Went into work-based learning


Went into employment without training


Where not in education, employment or training (NEET)



In total there were 2,508 students who left year 11 in the summer of 2011 from Warrington schools, of whom 30% decided to study at Priestley College


Further study 

 Where to study?

In general there are three sorts of place you could study full-time after your GCSEs, and while every individual institution is different there are similarities between those of the same type;

A Sixth Form attached to a school

As part of a school you will already know your teachers and they will know you, you will be surrounded by pupils from age 11 onwards. The day will most likely be punctuated by bells and set breaks, you could have to remain in site for the whole of the school day, and you may still have to wear a uniform.

A College of Further Education

Usually large institutions offering mainly vocational courses. Whilst they have many 16 to 19-year-old students, most are significantly older, many of whom will be studying part-time rather than full-time on adult and community learning courses.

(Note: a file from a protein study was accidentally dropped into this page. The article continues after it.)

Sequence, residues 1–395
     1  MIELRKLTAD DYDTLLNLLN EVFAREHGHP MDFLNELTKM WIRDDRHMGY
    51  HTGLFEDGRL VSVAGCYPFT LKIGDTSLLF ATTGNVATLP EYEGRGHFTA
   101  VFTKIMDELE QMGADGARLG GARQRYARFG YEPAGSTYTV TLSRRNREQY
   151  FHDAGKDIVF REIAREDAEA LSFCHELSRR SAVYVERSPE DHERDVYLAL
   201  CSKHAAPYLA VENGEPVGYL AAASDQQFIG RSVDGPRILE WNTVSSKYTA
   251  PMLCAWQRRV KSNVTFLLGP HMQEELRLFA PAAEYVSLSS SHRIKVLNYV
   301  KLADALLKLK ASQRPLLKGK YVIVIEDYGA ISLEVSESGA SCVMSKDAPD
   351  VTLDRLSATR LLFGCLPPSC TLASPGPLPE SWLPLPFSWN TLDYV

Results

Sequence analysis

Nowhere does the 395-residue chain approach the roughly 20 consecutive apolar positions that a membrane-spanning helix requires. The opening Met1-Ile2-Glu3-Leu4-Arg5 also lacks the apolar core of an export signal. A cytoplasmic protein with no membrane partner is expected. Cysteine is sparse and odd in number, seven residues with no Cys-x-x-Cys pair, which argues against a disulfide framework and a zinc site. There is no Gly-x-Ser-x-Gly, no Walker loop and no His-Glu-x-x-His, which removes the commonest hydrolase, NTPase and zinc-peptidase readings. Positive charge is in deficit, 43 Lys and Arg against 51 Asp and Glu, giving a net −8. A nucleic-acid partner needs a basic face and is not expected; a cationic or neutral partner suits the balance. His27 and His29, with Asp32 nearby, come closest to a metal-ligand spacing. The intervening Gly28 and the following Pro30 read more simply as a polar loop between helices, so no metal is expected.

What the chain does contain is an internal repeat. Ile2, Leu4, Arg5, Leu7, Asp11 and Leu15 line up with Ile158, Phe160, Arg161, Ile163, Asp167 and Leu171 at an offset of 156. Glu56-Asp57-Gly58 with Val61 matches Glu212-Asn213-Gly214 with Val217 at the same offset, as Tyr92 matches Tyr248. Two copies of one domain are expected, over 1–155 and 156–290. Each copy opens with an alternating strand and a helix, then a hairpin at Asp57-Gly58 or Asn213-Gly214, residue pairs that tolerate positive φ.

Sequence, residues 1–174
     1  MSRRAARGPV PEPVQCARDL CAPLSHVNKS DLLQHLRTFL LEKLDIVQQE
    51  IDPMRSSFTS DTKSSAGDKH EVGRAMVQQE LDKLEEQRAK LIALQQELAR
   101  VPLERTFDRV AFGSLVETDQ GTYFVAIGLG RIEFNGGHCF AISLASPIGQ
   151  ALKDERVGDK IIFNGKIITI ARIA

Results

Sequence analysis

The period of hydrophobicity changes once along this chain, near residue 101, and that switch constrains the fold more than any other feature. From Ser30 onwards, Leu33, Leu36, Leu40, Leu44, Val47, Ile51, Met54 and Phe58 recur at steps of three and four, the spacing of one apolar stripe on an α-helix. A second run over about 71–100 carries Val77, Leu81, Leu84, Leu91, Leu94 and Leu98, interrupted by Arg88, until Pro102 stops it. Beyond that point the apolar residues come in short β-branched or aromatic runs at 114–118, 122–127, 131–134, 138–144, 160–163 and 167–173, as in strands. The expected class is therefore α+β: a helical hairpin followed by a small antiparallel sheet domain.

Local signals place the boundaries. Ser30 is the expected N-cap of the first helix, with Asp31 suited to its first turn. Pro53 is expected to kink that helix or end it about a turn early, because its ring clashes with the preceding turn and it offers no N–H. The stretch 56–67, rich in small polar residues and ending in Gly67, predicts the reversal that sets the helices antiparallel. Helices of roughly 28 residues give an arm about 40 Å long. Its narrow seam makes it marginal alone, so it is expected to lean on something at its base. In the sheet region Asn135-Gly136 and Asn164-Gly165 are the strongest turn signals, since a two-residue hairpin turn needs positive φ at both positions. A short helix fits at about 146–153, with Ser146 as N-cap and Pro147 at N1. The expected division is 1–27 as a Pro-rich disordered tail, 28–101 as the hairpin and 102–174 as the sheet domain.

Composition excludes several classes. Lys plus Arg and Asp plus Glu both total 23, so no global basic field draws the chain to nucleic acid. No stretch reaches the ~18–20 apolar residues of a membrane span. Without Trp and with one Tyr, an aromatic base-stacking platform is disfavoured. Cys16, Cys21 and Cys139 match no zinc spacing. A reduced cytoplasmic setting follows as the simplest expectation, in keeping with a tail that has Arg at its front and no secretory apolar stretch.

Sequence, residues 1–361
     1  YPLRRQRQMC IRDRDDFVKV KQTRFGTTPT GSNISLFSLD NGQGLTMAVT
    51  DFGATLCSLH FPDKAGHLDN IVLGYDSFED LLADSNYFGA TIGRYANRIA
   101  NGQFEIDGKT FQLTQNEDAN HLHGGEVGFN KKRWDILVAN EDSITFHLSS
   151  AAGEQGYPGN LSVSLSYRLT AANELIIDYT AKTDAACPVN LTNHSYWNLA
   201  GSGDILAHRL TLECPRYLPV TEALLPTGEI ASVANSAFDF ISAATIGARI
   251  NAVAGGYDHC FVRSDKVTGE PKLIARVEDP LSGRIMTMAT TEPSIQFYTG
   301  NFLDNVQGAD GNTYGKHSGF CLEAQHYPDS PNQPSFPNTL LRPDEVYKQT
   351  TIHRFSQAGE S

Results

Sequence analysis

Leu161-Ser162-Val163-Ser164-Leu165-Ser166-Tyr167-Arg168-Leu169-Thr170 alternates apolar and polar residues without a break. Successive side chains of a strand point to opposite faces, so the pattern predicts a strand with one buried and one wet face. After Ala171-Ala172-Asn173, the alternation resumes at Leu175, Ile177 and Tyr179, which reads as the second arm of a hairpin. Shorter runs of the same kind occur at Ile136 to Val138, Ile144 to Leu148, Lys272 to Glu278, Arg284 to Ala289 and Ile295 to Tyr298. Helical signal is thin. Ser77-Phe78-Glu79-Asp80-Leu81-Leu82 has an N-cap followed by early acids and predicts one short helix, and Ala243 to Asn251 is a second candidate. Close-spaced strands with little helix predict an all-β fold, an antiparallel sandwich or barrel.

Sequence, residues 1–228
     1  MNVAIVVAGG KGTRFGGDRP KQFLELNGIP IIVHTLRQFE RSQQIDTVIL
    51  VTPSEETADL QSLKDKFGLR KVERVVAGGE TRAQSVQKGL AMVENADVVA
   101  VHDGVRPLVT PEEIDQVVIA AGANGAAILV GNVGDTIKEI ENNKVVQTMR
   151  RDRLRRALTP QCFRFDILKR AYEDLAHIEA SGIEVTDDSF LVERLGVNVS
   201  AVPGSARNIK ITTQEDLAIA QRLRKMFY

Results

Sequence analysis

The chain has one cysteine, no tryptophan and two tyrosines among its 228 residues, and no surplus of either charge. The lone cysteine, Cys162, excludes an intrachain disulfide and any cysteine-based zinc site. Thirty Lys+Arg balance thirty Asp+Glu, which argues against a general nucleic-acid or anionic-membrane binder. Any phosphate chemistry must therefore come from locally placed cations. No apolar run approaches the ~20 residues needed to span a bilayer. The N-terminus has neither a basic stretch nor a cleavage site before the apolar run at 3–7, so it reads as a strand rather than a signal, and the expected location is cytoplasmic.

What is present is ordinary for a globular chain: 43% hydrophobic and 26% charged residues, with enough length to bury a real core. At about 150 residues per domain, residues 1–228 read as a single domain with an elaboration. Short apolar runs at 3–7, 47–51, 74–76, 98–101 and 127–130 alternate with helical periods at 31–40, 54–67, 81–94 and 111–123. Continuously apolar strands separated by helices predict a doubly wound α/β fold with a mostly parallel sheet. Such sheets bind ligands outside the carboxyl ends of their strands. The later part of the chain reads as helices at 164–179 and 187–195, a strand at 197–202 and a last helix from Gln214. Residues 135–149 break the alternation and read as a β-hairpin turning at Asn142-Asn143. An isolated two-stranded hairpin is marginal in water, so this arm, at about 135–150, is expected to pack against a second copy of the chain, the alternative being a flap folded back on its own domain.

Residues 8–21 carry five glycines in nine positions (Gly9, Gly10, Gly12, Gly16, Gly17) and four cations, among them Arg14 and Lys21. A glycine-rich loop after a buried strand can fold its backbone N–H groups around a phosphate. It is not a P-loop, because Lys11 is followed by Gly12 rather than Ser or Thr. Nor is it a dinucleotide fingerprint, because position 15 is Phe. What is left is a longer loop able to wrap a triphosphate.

A Sixth Form College

Offering a wide range of academic and vocational programmes, with specialist teaching and support aimed specifically at 16 to 19-year-old students. They offer greater independence than a school, but continue to provide structured individual support for students. Students’ timetables are individual and you will have time during the day to spend on individual study or to undertake part-time work and voluntary work.